Saturday, December 12, 2009

Paine Street

A couple of months ago I was driving home from the doctors in Worcester and decided to drive down my old street. Paine street. I had lived there from birth till I was eighteen, and our landlord was like a grandmother to me. I Had, until a few years ago, kept in pretty good touch with her. They were at my wedding and had seen the boys and really, that three decker will always be home to me. Always fondly remembered.
So I found myself there, pulled over to the side of the road looking up, and fighting the urge to get out and walk up the stairs. I wanted so much to go in the back yard and sit on the grass. So many memories, so much time that has passed. It still seemed a long way up to the third floor where we lived. The tuns of groceries lugged up, the sad day we moved everything out. The day I watched my dad drive away, the first time I kissed my hubby (than my nineteen year old boyfriend) in the back hall. The times I sat in the front window waiting for my mom to get home from work and the times I sat there waiting for my dad and he never came. Watching snow fall, clothes hanging on the line, summers spent running in the back yard and roiling down the hill. Winters we sledded down the hill into the woods. Running up the back stairs to beat the rain home. The calls from my landlord for my brother and I to stop fighting because it sounded like we were going to fall through the celling. Sitting in the kitchen window looking out over I-290 at night and seeing almost to down town Worcester. Wishing on a star that hubby would ask me to marry him, and countless other sad and happy memories that all spelled home. I also noticed how much the neighborhood had changed. It looked more run down, a little empty and dumpy. Missing some tress and houses that looked like they needed to be painted. And knowing that most everyone I had grown up with there had moved. Most, like us, out of Worcester. So I drove away. Down the street and past the church were I had spent so much time, and down Lincoln Street and out of the city.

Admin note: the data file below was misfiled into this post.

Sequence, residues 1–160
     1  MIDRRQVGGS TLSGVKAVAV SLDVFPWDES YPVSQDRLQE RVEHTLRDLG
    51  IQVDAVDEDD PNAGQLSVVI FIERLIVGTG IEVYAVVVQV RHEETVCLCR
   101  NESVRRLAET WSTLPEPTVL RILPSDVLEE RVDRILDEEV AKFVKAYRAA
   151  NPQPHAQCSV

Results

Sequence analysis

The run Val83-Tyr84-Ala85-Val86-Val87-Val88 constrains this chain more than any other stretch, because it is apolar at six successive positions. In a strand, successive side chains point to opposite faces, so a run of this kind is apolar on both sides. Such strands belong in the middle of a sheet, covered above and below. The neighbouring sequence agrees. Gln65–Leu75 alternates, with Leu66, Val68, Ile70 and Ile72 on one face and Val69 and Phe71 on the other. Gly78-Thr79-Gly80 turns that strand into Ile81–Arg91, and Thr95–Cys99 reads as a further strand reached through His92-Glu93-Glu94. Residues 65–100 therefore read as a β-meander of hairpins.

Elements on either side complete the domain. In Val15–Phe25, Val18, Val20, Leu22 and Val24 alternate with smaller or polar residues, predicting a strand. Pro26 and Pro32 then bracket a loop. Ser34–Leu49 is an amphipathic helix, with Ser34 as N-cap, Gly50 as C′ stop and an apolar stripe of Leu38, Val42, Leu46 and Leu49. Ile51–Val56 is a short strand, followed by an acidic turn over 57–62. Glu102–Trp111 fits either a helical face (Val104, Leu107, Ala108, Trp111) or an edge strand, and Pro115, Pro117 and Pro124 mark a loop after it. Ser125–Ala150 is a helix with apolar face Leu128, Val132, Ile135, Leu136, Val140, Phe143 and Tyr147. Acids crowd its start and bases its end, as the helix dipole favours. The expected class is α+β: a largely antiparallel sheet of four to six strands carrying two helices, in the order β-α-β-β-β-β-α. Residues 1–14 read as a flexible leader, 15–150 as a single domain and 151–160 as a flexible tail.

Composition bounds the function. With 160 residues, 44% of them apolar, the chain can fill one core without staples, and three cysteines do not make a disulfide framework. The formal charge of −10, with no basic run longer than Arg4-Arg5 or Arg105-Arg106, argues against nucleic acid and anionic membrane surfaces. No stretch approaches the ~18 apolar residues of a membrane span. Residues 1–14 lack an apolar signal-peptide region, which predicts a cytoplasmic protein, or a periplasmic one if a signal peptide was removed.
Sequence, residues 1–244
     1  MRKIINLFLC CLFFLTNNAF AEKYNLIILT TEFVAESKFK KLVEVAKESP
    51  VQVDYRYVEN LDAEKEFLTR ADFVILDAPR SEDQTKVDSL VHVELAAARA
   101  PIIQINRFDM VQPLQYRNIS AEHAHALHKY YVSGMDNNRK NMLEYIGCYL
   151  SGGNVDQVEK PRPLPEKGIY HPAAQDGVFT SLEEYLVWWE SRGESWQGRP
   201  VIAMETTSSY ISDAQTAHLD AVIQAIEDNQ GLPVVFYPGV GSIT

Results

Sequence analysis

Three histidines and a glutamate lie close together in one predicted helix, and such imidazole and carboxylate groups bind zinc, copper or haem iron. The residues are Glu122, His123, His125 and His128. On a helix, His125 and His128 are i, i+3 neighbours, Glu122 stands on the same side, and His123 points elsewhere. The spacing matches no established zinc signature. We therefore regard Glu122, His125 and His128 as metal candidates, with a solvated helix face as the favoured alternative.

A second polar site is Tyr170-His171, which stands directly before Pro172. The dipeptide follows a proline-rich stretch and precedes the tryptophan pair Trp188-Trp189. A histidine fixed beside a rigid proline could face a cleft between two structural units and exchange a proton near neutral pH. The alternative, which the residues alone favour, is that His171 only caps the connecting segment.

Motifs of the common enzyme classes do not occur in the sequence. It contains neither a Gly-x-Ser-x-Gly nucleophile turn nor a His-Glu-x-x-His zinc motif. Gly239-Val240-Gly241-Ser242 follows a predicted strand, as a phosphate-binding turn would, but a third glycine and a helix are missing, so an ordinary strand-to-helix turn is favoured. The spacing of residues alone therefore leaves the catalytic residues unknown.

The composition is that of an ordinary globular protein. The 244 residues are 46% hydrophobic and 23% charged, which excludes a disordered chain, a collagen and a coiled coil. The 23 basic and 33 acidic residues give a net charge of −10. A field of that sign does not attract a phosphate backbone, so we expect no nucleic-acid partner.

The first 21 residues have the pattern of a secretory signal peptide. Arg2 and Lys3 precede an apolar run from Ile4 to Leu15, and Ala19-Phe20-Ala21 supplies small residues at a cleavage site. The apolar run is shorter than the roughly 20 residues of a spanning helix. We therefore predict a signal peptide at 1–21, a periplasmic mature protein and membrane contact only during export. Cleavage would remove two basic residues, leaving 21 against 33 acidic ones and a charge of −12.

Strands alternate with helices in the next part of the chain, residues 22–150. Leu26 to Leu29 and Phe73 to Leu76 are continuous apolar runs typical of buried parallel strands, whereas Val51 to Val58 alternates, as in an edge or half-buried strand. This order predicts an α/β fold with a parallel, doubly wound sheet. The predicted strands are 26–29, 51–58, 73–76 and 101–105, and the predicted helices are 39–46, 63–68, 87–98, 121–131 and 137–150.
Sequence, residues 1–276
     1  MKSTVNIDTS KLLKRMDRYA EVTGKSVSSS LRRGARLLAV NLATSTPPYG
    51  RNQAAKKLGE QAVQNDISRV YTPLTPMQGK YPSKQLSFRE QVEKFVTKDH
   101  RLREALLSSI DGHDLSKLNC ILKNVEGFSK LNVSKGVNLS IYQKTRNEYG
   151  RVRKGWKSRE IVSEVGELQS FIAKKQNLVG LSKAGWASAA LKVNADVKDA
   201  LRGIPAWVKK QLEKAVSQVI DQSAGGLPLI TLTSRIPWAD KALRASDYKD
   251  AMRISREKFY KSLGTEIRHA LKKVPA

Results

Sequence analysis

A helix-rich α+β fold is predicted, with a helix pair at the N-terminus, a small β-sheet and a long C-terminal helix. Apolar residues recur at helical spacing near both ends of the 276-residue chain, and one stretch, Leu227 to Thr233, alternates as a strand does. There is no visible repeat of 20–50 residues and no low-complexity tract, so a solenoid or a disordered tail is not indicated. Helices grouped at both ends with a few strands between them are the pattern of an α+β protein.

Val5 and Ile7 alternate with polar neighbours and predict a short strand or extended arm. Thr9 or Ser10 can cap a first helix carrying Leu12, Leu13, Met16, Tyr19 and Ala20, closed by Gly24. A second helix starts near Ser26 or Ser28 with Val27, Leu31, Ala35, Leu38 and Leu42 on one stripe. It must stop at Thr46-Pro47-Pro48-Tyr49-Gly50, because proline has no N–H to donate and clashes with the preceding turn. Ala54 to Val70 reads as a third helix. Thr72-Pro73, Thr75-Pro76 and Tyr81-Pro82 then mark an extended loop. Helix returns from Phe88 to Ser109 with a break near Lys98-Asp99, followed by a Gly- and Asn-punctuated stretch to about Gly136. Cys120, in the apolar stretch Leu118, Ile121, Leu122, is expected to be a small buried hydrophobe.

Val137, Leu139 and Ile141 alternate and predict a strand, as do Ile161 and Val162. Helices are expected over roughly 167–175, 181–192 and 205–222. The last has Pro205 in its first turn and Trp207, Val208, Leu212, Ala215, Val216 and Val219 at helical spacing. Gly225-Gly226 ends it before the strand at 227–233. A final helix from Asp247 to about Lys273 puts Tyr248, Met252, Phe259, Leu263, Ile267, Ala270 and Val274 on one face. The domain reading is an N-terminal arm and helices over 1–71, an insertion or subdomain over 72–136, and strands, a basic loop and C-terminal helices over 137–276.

Fast forward to yesterday. I worked at the Jewish Home for inventory control and was going over the census, and I saw her name. My landlord, my grandmother figure. She is on hospice, and not expected to make it much past Christmas. She still remembered me, asked about the boys. And told me the third floor is empty. She said she knows how much it means to me, go up and see it. The tears so fresh, I could only nod. Time passes so fast. I thought she was old then, she must have been only in her 70's, I moved from there fifteen years ago, and know she is in her 90s now. I do want to go there. Run my hand on the smooth wood of the railings as I make my way up the three flights of stairs. I want to sit on the floor of my old room, and look out over the back yard to 290. I want to be able to go "home" one last time. I still dream of 121 Paine Street. Sometimes I wake and feel I can still smell my dad's tobacco smoke as he came up the back stairs. But it won't be the same if "Aunt Mary" is not sitting in her first floor apartment watching the evening mass. Without the Irish Catholic blessing posted over the front door. It is so much more than a house, the end of an era. The end of neighborhoods built around churches, three deckers and neighborhood schools. The end of strangers becoming families and watching out for one another. I never felt alone there, even when my mom would came home from work hours late after he divorce and my brother and I were there alone. We weren't alone, "Aunt Mary" was always there. Listening for us, and watching out. Her door was always open, her heart always open. Even when the rent was late and we were loud. You can't find that these days.
When she passes it will be the end of an era. It might possibly be the end of 121 Paine Street. The end of a chance to go home.

1 comment:

  1. This is the stuff college admission essays are made of! Sappy, Happy, Sad, and hopeful all rolled into one!

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